The U.S. International Trade Commission bars imports of newer handsets containing Qualcomm 3G cell data chips: This ban stems from a patent dispute with Broadcom, in which the commission found that Qualcomm infringed on Broadcom patents. Handset models previously imported may continue to be brought into the country from overseas manufacture. However, no chips or modules containing these chips, nor any device released after June 7 that contains Qualcomm chips may be imported. Qualcomm also must halt some domestic activities, too.
This should not affect Apple's iPhone, which uses so-called 2.5G EDGE technology that doesn't appear to be affected by this decision. Apple may have, in retrospect, had a stroke of luck by not including UMTS or HSDPA, GSM flavors of third-generation (3G) cellular data networks that might have wound up using Qualcomm chips. (W-CDMA, while a GSM standard, contains technology patented by Qualcomm; Qualcomm also makes UMTS and HSDPA chips.)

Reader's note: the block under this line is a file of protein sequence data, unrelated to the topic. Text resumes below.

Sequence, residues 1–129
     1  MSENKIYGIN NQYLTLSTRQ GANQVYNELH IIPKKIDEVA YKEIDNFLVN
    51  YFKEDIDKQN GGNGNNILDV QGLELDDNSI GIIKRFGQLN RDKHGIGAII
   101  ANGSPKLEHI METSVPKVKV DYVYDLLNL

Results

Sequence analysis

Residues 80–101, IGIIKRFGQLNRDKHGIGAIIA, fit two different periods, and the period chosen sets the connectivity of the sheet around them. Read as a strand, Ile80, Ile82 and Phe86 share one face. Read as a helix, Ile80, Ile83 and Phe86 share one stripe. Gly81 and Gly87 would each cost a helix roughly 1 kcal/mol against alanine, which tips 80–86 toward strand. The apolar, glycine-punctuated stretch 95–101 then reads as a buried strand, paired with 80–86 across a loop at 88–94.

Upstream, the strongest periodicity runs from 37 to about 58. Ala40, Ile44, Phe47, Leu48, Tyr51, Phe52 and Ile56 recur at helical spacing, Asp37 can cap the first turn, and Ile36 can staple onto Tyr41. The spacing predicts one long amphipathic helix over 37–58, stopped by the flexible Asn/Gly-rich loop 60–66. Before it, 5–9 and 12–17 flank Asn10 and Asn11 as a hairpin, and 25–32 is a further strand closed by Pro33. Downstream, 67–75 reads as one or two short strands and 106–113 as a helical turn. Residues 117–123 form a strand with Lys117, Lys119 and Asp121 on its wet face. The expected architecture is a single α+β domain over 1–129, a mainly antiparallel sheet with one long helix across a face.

While Qualcomm has little impact currently on the Wi-Fi market, they have patents and technology that cover all major third-generation (3G) cell phones data networks and handsets. Disputes have arisen in the US and Europe over Qualcomm's extent of claims of what technology they control through patents, and their licensing fees. Broadcom and a number of handset makers have a variety of lawsuits against Qualcomm and Qualcomm against them.
Qualcomm purchased Wi-Fi chipmaker Airgo, the earliest mass developer of multiple-in, multiple-out (MIMO) antenna technology to supplement 802.11 specifications; and has staked out contrary positions around mobile WiMax, initially completely opposed to it and waging a propaganda war against it, and later purchasing a firm that had WiMax equipment in its portfolio.
President Bush can overturn this order.